Such institutional racism undoubtedly fostered isolation and mistreatment. Many black student trailblazers formed community in hostile environments through membership in black sororities and fraternities. Johnson had joined Alpha Kappa Alpha Sorority (AKA) as an undergraduate at WVSC, and it is likely she socialized with other AKA members in Morgantown, W.Va., to survive racial discrimination on campus and achieve a sense of belonging.
In the end, Johnson left her WVU graduate program early to start a family. She and her first husband, James Goble, had three daughters to support, and her familial responsibilities took away the luxury of advanced study. This choice was common for women, particularly black women.
Yet, Johnson’s résumé and academic prowess in math and science helped her secure a position in 1953 with the National Advisory Committee for Aeronautics, where she performed the calculations for America’s first human spaceflight. NACA was replaced by the National Aeronautics and Space Administration in 1958. As had been the case at WVU, Johnson once again learned that being a trailblazer came at a cost, and helping a man orbit the Earth did not insulate her from second-class citizenship. She and other black women at NASA experienced segregated restrooms and housing and were often excluded from meetings.
Johnson’s vast achievements demonstrated the intellectual capabilities of black students — black women in particular. While she did not graduate from WVU, her presence on campus had made plain the immorality and illogic of keeping African Americans out of Southern universities. Despite her work, West Virginia continued to force most black students out of state for graduate study until 1956, when the Brown decision led state officials to completely desegregate its public universities.
No other state followed West Virginia’s lead in pursuing even limited desegregation of graduate education in the years immediately after Gaines. In fact, many states doubled down on their commitment to segregation in higher education by allocating more funds to send black students out of state in defiance of the court ruling. Such recalcitrance reminded African Americans that court victories meant nothing without vigorous enforcement.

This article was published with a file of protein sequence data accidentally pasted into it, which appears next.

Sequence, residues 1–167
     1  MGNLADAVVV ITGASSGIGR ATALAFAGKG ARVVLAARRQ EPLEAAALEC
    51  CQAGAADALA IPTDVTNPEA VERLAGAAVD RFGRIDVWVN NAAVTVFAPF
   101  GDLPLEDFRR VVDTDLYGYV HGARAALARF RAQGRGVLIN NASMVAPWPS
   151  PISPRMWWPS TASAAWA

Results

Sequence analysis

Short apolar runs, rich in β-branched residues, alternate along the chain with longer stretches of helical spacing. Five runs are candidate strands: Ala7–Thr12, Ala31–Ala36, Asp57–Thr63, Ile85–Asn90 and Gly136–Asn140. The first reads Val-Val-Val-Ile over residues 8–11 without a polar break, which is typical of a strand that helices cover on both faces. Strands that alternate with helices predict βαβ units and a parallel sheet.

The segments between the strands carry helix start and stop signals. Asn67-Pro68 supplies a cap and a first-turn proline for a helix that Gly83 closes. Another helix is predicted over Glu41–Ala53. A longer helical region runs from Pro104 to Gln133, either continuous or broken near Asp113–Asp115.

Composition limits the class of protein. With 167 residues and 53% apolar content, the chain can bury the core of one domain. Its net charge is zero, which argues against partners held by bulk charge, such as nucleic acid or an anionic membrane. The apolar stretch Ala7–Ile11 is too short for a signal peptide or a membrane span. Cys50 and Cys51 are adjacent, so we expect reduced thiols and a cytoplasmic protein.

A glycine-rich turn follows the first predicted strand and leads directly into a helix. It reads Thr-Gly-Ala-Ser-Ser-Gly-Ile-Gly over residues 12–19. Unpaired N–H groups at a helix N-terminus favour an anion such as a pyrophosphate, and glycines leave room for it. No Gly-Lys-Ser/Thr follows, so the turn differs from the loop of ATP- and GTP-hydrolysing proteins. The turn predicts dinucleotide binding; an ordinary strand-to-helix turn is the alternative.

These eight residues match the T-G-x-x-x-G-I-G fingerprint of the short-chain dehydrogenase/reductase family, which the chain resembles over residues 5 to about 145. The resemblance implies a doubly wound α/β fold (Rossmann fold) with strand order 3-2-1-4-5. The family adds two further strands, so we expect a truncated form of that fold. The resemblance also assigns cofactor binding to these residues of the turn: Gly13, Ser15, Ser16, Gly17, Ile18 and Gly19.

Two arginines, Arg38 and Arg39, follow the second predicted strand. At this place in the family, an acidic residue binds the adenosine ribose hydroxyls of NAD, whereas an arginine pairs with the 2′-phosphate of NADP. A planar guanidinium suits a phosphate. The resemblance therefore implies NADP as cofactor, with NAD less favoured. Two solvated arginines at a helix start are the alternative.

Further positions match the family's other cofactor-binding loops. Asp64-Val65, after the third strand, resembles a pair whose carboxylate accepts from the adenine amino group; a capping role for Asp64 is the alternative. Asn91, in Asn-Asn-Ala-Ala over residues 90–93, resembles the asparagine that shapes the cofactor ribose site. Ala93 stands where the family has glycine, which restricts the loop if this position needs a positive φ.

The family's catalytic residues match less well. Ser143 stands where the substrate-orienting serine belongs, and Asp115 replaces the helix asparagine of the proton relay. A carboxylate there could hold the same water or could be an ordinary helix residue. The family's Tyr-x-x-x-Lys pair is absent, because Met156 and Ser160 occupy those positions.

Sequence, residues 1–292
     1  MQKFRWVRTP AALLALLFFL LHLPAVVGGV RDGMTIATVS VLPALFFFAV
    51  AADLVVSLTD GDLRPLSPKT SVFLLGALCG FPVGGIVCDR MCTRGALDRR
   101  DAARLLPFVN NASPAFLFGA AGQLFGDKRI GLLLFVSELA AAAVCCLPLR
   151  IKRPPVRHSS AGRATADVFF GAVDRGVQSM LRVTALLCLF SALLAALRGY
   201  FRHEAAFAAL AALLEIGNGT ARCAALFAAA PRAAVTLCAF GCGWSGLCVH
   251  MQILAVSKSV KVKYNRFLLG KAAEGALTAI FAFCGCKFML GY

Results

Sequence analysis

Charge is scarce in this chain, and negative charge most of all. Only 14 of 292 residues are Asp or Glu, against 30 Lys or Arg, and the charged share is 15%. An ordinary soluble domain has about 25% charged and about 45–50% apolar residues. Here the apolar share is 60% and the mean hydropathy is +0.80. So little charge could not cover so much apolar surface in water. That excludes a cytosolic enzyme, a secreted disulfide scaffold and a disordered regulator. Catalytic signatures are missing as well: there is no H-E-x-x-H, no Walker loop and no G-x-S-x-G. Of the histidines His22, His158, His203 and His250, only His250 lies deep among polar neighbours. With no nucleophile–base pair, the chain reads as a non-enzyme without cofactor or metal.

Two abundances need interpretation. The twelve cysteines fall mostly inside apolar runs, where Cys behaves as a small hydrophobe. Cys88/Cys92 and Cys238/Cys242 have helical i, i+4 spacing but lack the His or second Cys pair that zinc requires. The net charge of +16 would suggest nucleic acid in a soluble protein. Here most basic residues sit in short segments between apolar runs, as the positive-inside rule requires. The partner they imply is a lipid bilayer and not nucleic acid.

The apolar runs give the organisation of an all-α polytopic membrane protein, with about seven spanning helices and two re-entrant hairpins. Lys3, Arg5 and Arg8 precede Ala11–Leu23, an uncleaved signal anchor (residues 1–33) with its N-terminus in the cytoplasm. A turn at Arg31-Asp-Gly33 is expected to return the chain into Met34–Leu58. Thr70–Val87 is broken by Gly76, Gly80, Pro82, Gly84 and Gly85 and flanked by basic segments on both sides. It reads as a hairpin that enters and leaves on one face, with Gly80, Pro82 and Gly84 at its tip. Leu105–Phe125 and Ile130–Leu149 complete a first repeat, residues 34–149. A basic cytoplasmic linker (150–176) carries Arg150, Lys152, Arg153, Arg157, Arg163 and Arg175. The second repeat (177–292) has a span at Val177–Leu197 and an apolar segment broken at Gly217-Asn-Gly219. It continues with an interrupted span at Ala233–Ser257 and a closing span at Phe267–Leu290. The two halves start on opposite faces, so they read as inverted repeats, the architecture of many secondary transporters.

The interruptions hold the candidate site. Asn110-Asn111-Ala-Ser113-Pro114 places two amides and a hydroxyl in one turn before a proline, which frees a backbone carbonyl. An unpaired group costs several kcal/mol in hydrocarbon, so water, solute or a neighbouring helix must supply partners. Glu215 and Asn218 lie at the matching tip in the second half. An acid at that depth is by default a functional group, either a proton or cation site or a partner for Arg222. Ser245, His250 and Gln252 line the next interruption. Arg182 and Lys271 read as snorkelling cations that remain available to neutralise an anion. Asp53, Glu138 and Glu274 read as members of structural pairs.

Johnson skillfully navigated the lonely and often hostile ivory tower, and the result was a successful orbital flight by a U.S. astronaut during the Cold War-era space race. Her efforts paved the way for countless other black female scholars, including Mae Jemison and Patrice Harris. Harris, a West Virginia native like Johnson, earned her bachelor’s, master’s and doctorate degrees from WVU and was the first African American woman elected president of the American Medical Association. Johnson and those she inspired are living proof that scientific progress — and by extension, achievement in any other field of endeavor — is inextricably linked to giving everyone an opportunity to develop their unique talents, skills and abilities.
Johnson’s achievements have been recognized in numerous ways, including a Presidential Medal of Freedom, a Barbie doll bearing her likeness, and a scholarship and statue in her honor at her beloved alma mater, West Virginia State University. In 2016, West Virginia University — the institution she desegregated — awarded her an honorary doctorate of humane letters. While each of these accolades was as well deserved as they were long overdue, perhaps the best way to honor Johnson is to recommit ourselves to doing the urgent work of removing the enduring racial and gender barriers that prevent other black women from reaching their full scholarly potential. As Johnson’s life — and now, her legacy — clearly show, it is not simply scholars such as Jemison and Harris, but rather the entire country, that would reap the benefits.
Correction: This piece originally stated that John Glenn was the first American in space. That was actually Alan Shepard. Glenn was the first American to orbit the earth.